Demonstrations against refugees where protesters chant anti-Muslim slogans are being held across the major Polish cities of Warsaw, Krakow and Poznań. The marches are organised as a supposed response to the refugee crisis that has unfolded in Europe over the summer, and has resulted in an unprecedented surge in the numbers of refugees reaching Central and Eastern Europe en route to Western Europe.
The response in nearby Hungary was to shut down the main train station in Budapest, build razor-wire fences, and introduce laws to limit refugee numbers. With Poland only agreeing to take in around 1% of refugees, such measures were not necessary. Instead, Poles expressed their fear of the ‘Islamisation’ of Poland in other ways; through public debates, demonstrations and mosque vandalism. While responding to an imagined threat of the Muslim ‘Other’ they are undermining an inter-religious heritage that goes back several centuries.
Once a multicultural country with the largest Jewish population in Europe and a significant Muslim population that have lived in the Polish lands for centuries, Poland is now the most homogeneous country in the EU. Only around 35,000 Muslims currently live in Poland.
According to Dr Konrad Pędziwiatr from the Cracow University of Economics who researches Muslims and Islamophobia, the recent rise of anti-Muslim sentiment does not correspond to the reality on the ground, where Poland continues to be a country of emigration rather than immigration: “For the first time in the modern history of Poland one may observe a significant politicisation of immigration issues in the context of very limited actual immigration. Public expressions of a fear of a Muslim ‘Other’ have become an almost daily occurrence,” Pędziwiatr told The Muslim News.
Until recently, there has been little anti-Muslim prejudice evident on the streets across Poland and the few mosques that are scattered across the country were largely unopposed. This changed when plans to construct the first purpose built mosque in the Polish capital Warsaw were announced in 2010. The construction of this new mosque triggered a torrent of hatred targeted at mosques across the county.
In 2014, a mosque in Gdańsk that was built in collaboration with the local Catholic community in the 1980s was set fire to resulting in damage to the building’s façade. In 2015, soon after the opening of the newly built Warsaw mosque, pigs’ heads were thrown into it. Mosques in Poznań, Gdańsk and Białystok have all been plastered with Islamophobic graffiti in recent years. Perhaps the most devastating – not in scale but in symbolism – was a 2014 attack on the 17th century Tatar mosque in a small village on the Eastern borderlands called Kruszyniany.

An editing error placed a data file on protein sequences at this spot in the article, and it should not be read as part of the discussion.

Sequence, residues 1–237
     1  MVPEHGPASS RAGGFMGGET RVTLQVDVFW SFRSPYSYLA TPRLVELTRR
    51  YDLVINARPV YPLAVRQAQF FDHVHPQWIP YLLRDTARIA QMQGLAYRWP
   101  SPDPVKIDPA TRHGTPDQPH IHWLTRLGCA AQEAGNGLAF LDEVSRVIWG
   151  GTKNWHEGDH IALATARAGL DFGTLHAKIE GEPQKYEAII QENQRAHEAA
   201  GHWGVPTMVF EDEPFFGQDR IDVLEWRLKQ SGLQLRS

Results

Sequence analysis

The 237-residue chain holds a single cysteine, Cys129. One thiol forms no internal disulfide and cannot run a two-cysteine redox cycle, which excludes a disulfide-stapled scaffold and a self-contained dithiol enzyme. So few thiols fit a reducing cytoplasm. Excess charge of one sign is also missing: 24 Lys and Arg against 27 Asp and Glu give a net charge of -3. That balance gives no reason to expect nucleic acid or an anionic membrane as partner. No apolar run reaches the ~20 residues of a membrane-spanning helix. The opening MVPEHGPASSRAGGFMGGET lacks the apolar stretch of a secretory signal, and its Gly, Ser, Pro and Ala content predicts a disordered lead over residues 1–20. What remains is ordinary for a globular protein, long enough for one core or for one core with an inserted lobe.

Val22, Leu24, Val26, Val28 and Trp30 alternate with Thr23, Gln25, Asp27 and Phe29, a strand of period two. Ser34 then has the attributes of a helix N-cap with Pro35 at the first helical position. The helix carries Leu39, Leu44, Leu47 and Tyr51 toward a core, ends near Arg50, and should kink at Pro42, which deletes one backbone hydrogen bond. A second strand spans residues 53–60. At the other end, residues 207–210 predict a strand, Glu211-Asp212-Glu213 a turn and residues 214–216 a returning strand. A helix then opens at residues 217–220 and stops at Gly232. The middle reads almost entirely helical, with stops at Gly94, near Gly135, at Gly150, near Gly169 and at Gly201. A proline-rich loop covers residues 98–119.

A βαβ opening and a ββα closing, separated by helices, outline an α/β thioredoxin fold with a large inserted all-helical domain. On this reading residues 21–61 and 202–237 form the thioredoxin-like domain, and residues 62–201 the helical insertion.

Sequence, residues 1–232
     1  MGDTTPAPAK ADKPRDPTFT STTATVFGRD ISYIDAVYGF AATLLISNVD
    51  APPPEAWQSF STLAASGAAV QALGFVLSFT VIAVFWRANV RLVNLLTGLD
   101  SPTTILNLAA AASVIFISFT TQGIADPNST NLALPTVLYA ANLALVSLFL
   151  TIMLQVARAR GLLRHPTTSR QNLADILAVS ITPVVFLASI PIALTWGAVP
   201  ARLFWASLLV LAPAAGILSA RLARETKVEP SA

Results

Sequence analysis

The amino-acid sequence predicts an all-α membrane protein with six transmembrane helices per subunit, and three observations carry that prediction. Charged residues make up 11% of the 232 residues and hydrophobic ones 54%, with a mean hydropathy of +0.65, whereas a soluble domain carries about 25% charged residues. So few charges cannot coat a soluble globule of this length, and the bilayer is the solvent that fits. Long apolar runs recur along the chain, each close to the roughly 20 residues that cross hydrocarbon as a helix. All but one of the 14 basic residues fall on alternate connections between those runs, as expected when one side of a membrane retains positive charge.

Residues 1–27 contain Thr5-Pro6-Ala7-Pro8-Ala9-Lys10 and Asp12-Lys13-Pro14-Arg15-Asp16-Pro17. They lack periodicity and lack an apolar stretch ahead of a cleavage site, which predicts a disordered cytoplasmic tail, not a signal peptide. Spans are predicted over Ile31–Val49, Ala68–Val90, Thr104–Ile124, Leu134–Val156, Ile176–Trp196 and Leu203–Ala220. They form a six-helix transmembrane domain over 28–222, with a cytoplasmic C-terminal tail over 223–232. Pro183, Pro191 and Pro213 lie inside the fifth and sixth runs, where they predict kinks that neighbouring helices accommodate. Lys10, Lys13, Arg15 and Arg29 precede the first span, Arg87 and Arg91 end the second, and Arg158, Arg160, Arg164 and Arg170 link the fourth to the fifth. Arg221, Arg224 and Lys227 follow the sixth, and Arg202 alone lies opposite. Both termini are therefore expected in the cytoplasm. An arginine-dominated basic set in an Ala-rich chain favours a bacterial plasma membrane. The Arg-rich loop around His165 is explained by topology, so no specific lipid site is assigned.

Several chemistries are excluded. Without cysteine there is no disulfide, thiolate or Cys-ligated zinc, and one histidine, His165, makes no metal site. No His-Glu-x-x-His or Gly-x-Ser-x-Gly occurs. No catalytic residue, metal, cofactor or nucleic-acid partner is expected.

The green wooden building is one of two still standing and functioning old Tatar mosques that are a testament to Islam’s long presence in Poland. In the summer of 2014 someone drew a pig on the outside wall of this mosque and desecrated the neighbouring Muslim cemetery with graffiti. The Tatars, having lived in Poland for hundreds of years without experiencing hostility were deeply affected by the attacks.
The recent upsurge in anti-Muslim attitudes has hit the Muslim community hard, and surprised many. Lubna Raad Al-Hamdani moved to Poland nine years ago with her Iraqi-Polish family. She initially enjoyed a peaceful life working as a doctor in Warsaw, yet her visibility as a Muslim woman has recently become the subject of tension. She told The Muslim News: “Since the refugee crisis and the election campaign, attacks on Muslims have gotten worse. I have myself experienced hostility from a co-worker who told me to take off my hijab. The positive thing was that my employer stood by me.”
Both Al-Hamdani and Pędziwiatr agreed that there are two main factors behind the recent upsurge in anti-Muslim attitudes in Poland; the first being the refugee crisis; and the second the recent Polish elections in which the right-wing party won the elections and liberally stoked populist Islamophobic sentiments in their campaigning.
The targeting of Muslims in Poland as an outside group has worrying historical precedent in the previous targeting of the Polish Jewish community. Only recently have Poles started to critically assess their role during the Second World War and take responsibility for their participation in the oppression of Jews. A telling cartoon recently circulating on Polish social media captures this sentiment well. In it two Poles are pictured talking to each other; one asks the other why he hates Muslims so much and the other replies “Because every Muslim is a Jew”.
Dr Kasia Narkowicz is a researcher at the University of York where she currently works on the project Deport, Deprive, Extradite, investigating racial dimensions of citizenship. Her doctoral thesis looked at religious and secular conflicts in Poland, including the recent rise of Islamophobia.